Schools, homes, apartment complexes, and businesses are all susceptible to mold and mildew growth. Mold grows off of water and survives on food sources (leaves, wood, paper, and dirt), oxygen, and temperatures between 40° and 100° Fahrenheit. So essentially, mold can be found anywhere. In your home, outside, and in almost any environment. Humidity and moisture in the air will invite mold into your home. And if mold spores land on a moist spot in your home, molds will begin growing and put your health at risk.
You might find you’re having throat irritation, difficulty breathing, nasal and sinus congestion, skin rashes, and eye irritations. Mold isn’t always easy to spot, so if you notice you’re developing any of these conditions, or they have gotten worse, mold could be at fault.
Identifying the Source
Any water damage to your home will invite mold to take over. Many think of mold damage occurring in the basement and kitchen, but this fungus is capable of growing in any room of the house. A flood, sitting water, a leaky roof, leaky pipes, and humidity can all attract mold growth. Detecting mold is tricky, but the EPA has provided an interactive mold house tour to help you identify any mold issues and the precautions that can be taken to avoid serious home damage.
- Keeping your gutters clean and free of sitting water and debris will decrease mold growth.
- Continual roof maintenance and inspection will also save you the hassle of dealing with a leaky roof and the potential mold damage done to your attic, walls, and ceilings.
- If it isn’t humid outside, open the windows to let in fresh air. When humidity is a problem outside, and your indoor levels are higher than 60%, look into purchasing a dehumidifier to help keep the moister levels down.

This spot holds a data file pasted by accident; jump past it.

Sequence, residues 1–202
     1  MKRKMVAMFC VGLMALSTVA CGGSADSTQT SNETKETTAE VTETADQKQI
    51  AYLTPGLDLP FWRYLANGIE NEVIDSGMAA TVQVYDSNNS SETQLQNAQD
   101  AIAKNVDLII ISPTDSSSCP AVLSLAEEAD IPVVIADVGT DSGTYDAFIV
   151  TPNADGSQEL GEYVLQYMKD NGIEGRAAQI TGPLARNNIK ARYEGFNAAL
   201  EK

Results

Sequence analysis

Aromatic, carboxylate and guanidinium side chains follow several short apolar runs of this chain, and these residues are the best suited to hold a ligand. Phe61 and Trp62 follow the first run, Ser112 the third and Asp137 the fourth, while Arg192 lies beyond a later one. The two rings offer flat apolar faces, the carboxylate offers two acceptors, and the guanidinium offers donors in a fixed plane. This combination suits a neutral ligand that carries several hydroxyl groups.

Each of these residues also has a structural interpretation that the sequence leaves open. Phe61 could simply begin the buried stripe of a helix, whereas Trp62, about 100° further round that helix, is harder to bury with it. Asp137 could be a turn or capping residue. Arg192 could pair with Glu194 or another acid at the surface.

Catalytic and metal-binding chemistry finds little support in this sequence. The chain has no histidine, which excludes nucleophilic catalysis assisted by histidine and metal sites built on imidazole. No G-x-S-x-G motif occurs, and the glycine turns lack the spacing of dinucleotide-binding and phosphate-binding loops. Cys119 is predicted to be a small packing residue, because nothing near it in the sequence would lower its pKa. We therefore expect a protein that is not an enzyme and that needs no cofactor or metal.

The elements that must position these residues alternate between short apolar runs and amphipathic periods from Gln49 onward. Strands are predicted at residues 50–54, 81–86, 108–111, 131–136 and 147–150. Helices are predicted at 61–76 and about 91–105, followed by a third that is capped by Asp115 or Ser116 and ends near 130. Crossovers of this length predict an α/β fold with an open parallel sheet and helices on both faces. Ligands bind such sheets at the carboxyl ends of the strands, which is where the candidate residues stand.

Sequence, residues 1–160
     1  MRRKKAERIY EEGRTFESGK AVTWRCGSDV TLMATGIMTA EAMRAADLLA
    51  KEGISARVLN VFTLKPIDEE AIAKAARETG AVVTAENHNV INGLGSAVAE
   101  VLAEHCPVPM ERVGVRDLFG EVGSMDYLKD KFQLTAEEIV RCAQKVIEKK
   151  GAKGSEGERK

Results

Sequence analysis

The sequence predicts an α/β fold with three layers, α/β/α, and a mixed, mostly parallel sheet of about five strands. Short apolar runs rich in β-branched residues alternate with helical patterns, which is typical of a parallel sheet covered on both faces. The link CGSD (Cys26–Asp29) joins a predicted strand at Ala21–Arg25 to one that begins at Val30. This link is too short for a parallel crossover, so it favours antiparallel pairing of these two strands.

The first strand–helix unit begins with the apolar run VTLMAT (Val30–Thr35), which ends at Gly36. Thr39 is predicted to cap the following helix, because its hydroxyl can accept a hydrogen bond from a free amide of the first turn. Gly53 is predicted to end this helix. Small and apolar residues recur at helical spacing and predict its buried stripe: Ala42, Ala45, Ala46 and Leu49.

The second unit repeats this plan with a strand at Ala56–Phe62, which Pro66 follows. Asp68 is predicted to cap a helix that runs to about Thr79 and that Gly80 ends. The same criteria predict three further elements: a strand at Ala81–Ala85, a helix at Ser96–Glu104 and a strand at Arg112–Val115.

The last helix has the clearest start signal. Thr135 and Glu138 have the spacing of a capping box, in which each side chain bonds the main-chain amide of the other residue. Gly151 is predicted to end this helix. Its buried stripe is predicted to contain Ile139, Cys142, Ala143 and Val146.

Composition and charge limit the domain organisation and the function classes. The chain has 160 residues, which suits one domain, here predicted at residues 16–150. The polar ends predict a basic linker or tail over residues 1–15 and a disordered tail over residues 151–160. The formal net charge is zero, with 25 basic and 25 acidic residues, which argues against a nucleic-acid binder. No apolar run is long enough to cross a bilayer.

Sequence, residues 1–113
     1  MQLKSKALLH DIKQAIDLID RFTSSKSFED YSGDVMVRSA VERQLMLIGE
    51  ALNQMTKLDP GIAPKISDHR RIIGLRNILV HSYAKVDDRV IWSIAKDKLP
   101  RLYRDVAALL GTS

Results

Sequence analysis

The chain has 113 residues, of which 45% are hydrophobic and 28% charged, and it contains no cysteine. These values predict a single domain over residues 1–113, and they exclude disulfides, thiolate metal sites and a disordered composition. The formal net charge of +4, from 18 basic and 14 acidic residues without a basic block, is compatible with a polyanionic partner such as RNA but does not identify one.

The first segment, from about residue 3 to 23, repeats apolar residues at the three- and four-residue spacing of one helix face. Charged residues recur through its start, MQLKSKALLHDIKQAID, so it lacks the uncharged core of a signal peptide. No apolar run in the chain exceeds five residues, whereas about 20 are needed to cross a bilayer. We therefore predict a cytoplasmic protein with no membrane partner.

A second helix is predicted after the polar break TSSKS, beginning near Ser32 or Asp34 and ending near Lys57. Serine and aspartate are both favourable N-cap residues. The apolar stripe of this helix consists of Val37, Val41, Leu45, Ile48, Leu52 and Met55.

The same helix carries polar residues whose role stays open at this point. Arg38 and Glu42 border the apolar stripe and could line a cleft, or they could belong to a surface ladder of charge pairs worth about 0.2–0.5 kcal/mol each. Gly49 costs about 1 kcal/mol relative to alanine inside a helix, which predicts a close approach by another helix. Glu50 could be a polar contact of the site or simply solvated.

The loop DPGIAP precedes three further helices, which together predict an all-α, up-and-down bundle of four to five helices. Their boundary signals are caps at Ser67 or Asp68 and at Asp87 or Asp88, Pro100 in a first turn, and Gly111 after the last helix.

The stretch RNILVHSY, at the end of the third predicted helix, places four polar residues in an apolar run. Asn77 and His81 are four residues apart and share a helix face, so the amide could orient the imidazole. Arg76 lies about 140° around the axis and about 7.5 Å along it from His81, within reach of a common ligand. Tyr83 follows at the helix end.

- The ideal moisture range is anywhere from 30 to 50%.
- Your oven’s exhaust hood and your clothes dryer vents should be vented outside since both appliances create a lot of humidity.
- Another simple precaution is directing your drains away from the house. Having your gutter drains at least five feet away from your home’s foundation will avoid the chance of water leaking into your basement.
- Properly caulking your windows and around water fixtures will reduce the risk of leaking water into your home.
Mold Clean Up
If the mold area is ten feet or less, it is probably a small enough area that you don’t need to hire someone. When you’re cleaning up mold, be sure to wear gloves, protective eyewear, and old clothes. Mix a gallon of water with one cup of bleach to disinfect the area. You will typically not need to get rid of plastic or glass as mold cannot grow in these materials, however, any wood or paper items will most likely need to be discarded. So if you’ve found mold growing on your basement walls, there is a high chance that the entire wall will need to be replaced. Mold damage is a natural problem that occurs in every household. Some cases are far worse than others, so be sure to contact a mold specialist if additional help is needed. For more tips on mold in your home, click here.